For example, a search to find the meaning of the word "confusion" using the AltaVista search engine generated 66,140 results, the first 30 of which seemed to bear no relevance to the search string - how confusing!

Therefore, the issue of information overload becomes vitally concerning. Overload causes paralysis, and an organisation can grind to a halt quickly if its executives are busy searching for the ultimate answer to their question and, in the process gathering everything and anything on the topic, rather than applying themselves to the effective use of some of the information that is available.

This is where the gatekeeper really demonstrates value for money and where organisations who employ an information management strategy effectively set themselves apart from the competition.

Effective results: less frustration

With a broad understanding of the principles of the industry in which they operate, the corporate researcher or information officer is uniquely placed to act as the filter for information coming into the organisation. By using their accredited professional skills, they can generate more effective results more quickly and with a minimum level of stress and frustration.

The skills of analysis and interpretation mean that the filter does not simply cull the information hits but instead provides a precise and summarised document highlighting the key points of a topic and generating questions of a more detailed and structured nature. Ultimately this leads to a more refined business solution.

All this can be achieved if the organisation does, indeed, have an information management strategy that includes the employment of an information professional and the necessary resources to allow that person access to the wealth of online data that exists.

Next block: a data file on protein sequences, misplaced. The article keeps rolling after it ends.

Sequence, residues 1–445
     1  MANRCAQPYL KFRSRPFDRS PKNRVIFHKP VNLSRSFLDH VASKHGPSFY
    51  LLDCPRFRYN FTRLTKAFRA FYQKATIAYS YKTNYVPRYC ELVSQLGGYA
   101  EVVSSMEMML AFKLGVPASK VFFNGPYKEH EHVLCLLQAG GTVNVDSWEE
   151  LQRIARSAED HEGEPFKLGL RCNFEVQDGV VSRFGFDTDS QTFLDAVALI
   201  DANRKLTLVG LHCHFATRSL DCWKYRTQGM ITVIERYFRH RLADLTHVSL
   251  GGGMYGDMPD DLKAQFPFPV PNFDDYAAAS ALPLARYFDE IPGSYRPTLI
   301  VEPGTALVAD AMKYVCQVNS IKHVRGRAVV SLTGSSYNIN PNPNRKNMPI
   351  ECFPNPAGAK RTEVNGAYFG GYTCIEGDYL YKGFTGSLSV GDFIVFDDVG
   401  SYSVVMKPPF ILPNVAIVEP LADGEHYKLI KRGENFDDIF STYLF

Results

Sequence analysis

If these two key features are in place, then the organisation has taken the first steps to positioning itself at the leading edge of corporate intelligence. By knowing where information can be found and how to collect and collate it, by applying relevancy assessments of the information and by interpreting and commenting on the results, the researcher has already cut away many of the peripheral issues that hamper business development in today's corporate environment.

Consider the fact that the first port of call for individuals researching a topic is the internet with its 100 million documents. Despite the fast search engines, a great deal of time is spent sifting through swathes of (often irrelevant) data to get to one or two potential leads. The effort and the time spent looking for them and then the time spent to complete due diligence to ensure that the source is real and authoritative forces the business decision to take a back seat. The corporate researcher, on the other hand, is used to working with systems such as Lexis/Nexis (which offers access to 417 million documents) and interrogating this quickly and efficiently before moving on to the next product in the suite of tools that are available to locate business information. The frustration and concerns of information overload experienced by the "lay searcher" are managed by the information professional, in the same way as other executives manage their schedules.